any chance you could lure Darwin into his lair with a bit of his favorite “greens”?

    Reply
    1. Debra Post author

      The problem we have with Darwin this time of year, Nancy, is he doesn’t eat at all! From what I’ve read it isn’t true hibernation, but he’s definitely disinterested in food and doesn’t show much animation. I think tomorrow Jay is going to pick him up and move him back to where he can bask under the spotlight. We’ll sure try!

      Reply
      1. nrhatch

        This week on Elementary (or maybe last week), Sherlock put Clyde the tortoise in the refrigerator to “hibernate” for the winter, surprising Joan Watson when she went to get milk for her cereal. 😀

        Reply
  8. Mustang.Koji

    Hey, Debra! Your granddaughters are fantastically energized! But as for El Nino, it is more like El Poquito. It’s February already and even if it pours from now, I think the weather/climate folks are a bit off course. 🙂

    Reply
    1. Debra Post author

      El Poquito! Maybe that will catch on. 🙂 I’m still optimistic, Koji, perhaps leading to future disappointment, but all along they said not to expect much before February, so we’ll have to see. In our neighborhood two large trees have already been completely uprooted by rain and wind, so I do wonder if I’m hoping for something that I’ll later regret. We’ll see.

      Reply
        1. Debra Post author

          Oh my gosh! That’s a big tree, too! I wonder how much of this we’re going to experience. Your poor neighbor. That’s probably all at their expense to remove!

          Reply
  9. Perpetua

    You obviously spent a very enjoyable afternoon with the girls at the Huntington, Debra. Thank you for introducing me to such colourful and interesting trees. The Swiss Cheese plant is sometimes kept as a house plant in the UK.
    I’m glad to hear you had some gentle rain and hope you get considerably more over the next month.

    Reply
    1. Debra Post author

      I have fallen in love with this Swiss Cheese plant, Perpetua, and I think I’m going to track it down and consider it as an indoor plant. It would really be eye-catching! It’s completely new to me. I’m glad you have some familiarity with it. We had a little rain…but then that was it. It’s a gorgeous, almost summer day today. I guess we’ll worry later. Ha!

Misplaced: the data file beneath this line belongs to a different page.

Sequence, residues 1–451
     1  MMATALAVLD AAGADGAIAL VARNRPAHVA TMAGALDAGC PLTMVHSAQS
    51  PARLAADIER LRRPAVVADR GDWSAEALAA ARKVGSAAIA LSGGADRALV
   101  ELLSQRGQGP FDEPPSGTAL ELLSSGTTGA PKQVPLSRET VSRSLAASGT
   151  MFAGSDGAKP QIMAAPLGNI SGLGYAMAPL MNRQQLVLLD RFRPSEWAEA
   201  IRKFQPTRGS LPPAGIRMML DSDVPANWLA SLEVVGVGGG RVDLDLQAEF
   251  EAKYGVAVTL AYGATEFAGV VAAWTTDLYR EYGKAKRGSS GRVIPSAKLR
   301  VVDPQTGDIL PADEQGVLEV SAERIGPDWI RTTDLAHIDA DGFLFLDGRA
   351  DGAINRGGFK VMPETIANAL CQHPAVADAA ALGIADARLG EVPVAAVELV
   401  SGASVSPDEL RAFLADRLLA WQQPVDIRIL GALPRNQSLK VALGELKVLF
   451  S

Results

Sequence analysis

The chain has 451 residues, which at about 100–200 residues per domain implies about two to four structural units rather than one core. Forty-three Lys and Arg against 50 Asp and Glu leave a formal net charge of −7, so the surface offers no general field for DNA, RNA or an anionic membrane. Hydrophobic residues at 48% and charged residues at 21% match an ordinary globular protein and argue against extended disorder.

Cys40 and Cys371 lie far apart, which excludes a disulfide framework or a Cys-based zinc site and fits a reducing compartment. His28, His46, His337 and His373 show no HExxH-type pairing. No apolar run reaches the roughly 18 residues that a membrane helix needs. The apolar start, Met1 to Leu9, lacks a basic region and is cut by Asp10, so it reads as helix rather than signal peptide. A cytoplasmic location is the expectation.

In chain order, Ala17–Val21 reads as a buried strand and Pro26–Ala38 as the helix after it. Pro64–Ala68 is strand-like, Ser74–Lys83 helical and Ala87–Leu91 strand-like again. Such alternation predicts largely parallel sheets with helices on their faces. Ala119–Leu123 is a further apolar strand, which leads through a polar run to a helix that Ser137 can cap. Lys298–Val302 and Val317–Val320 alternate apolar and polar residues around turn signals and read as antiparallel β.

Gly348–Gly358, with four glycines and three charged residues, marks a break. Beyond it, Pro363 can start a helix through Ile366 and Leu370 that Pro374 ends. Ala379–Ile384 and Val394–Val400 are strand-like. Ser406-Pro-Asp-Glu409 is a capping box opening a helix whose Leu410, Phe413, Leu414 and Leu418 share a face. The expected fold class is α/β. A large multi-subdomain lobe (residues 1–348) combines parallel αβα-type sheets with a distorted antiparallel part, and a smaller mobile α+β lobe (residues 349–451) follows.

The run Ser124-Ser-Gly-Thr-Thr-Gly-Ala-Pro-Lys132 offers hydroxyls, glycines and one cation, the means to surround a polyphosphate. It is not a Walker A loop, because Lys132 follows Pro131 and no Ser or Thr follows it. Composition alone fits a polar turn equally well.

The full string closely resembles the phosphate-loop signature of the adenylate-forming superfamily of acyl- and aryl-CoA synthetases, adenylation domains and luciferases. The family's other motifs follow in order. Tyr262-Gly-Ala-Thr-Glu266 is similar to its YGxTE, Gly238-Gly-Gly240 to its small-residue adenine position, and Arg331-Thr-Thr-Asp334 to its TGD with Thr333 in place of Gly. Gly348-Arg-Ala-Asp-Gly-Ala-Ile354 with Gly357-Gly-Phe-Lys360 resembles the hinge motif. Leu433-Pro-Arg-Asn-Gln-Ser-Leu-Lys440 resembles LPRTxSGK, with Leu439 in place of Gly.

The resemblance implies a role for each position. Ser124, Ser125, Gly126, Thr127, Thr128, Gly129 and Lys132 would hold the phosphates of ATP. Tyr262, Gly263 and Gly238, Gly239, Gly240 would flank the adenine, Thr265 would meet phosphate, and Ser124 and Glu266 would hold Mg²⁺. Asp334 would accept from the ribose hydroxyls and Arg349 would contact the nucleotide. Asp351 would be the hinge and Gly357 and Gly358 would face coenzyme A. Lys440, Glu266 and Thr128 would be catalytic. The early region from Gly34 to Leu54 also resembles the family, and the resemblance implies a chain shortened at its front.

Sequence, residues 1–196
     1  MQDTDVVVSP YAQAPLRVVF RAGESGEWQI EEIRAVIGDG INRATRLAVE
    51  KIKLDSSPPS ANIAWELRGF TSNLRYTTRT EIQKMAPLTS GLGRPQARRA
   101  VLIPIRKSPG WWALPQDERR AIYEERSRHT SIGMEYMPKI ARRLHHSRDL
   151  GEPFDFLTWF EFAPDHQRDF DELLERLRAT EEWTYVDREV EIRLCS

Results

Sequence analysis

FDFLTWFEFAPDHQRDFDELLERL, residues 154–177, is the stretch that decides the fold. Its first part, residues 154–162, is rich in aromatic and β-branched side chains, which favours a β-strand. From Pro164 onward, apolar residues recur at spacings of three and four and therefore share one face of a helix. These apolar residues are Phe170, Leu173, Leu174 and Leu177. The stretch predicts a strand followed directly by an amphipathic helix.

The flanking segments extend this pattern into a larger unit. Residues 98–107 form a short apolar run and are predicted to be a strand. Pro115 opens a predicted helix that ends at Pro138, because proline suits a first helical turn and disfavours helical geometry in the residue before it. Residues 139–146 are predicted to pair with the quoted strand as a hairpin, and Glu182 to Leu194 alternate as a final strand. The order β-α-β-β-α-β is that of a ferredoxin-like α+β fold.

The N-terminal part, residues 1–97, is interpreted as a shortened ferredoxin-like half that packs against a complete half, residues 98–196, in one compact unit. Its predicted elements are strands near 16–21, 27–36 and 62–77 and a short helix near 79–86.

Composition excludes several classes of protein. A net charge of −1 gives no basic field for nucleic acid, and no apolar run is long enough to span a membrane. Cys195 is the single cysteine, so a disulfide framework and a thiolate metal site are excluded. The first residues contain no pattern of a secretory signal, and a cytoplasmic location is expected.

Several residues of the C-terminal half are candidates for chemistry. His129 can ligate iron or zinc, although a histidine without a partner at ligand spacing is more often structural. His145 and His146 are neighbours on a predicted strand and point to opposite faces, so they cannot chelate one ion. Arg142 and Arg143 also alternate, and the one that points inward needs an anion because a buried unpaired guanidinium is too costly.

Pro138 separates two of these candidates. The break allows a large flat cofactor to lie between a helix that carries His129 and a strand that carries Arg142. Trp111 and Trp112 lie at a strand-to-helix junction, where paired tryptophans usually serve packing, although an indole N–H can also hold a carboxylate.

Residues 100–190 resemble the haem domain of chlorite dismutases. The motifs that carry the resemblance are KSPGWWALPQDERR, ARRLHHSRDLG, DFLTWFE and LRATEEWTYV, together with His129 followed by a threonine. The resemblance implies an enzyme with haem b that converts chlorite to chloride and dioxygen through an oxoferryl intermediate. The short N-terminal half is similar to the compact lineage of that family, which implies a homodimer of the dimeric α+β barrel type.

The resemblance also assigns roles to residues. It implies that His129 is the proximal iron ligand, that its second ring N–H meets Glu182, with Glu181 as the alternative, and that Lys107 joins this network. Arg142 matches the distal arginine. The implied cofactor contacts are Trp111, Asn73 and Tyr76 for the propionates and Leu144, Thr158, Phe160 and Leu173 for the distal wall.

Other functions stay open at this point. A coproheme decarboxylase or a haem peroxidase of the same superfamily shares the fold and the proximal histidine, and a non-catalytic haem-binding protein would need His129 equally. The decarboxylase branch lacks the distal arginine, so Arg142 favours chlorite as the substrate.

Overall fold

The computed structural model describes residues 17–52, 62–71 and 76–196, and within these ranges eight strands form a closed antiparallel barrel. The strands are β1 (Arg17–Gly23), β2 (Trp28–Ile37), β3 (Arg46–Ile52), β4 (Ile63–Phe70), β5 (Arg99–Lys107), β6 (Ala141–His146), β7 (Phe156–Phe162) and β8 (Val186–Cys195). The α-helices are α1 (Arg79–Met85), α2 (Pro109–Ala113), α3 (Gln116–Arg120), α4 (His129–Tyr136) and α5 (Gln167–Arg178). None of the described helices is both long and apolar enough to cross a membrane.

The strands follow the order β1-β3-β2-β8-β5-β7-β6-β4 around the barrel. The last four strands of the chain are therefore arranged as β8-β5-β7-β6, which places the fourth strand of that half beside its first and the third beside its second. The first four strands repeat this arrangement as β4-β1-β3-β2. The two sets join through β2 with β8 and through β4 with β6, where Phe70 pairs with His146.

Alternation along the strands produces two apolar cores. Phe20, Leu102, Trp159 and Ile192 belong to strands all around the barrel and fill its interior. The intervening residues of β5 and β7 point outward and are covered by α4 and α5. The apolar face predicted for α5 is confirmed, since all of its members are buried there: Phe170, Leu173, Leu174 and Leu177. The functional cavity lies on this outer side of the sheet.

Reply
  10. ChgoJohn

    This place is a real gem, Debra, and your climate allows them to grow such a wide array of plants. Collecting some from the true deep south means that even in our winter, there will be trees and plants in bloom. I hope you did get some rain but in a nice, slow fall. No need for the effects of a lengthy downpour over parched earth. i think you’re wise to continue to develop a garden that is more native to your climate. I’d have a hard time bidding farewell to the roses though. Their absence will be less noticeable when you see your succulents in bloom. Some are truly gorgeous.

    Reply
    1. Debra Post author

      This weekend I took out three of my roses, John. They really weren’t happy where they were and hadn’t done well for a couple of years. I consoled myself that maybe I could do better with some new roses and think about them in pots. I might find I can control their habitat a little better than when they’re in the general garden and we can only water on certain days. Last year I cheated just a little bit and occasionally emptied the ice compartment of the freezer into pots. 🙂

      Reply
  11. hotlyspiced

    I hope you did get the rain. What a wonderful place to practise your cartwheels. And the pink flowers are stunning. Darwin is very entertaining and I love hearing about him xx

    Reply
    1. Debra Post author

      Thank you for your interest in Darwin, Charlie. I worry about him every year at this time. He doesn’t eat or move about much at all, and of course that worries me, even though I know he’s fine! I’m trying to come up with plans for more permanent accommodations that will house him year-round. I have very good ideas for him, but the problem is that he has a mind of his own and he is rarely obedient! 🙂

      Reply
  12. reocochran

    The weather is serious for plants and trees, I worry with you and others. Hope you get your much needed rain for some of the parched plants in your area. 🙂
    I relate to your granddaughters doing cartwheels but my oldest daughter and I never could do cartwheels! My youngest daughter and son were able to manage to look graceful. We were at our local park with my son and his children (wife and baby at home) his girls could do cartwheels and my son was able at 34 years old to complete this skill, too. (It reached 60 degrees on Sat.!)
    I liked the pretty pink Pilly Lilly Australian tree and the gorgeous Pink Ball tree, too. Glad the bees were “drunk” on the nectar and left you alone! Thank you for sharing more wonderful gardens, Debra.

    Reply
    1. Debra Post author

      I was never comfortable with cartwheels, either. I can remember trying so hard to execute them gracefully and somehow my main concern was that I was going to break my leg–or my neck! My granddaughters are a lot more fearless than I was at their age. And the temperatures are a bit of a concern to me, Robyn. Trying to keep my garden going when we have little rain and such wide fluctuations in temperatures is taking its toll on me. I’m impatient! 🙂

      Reply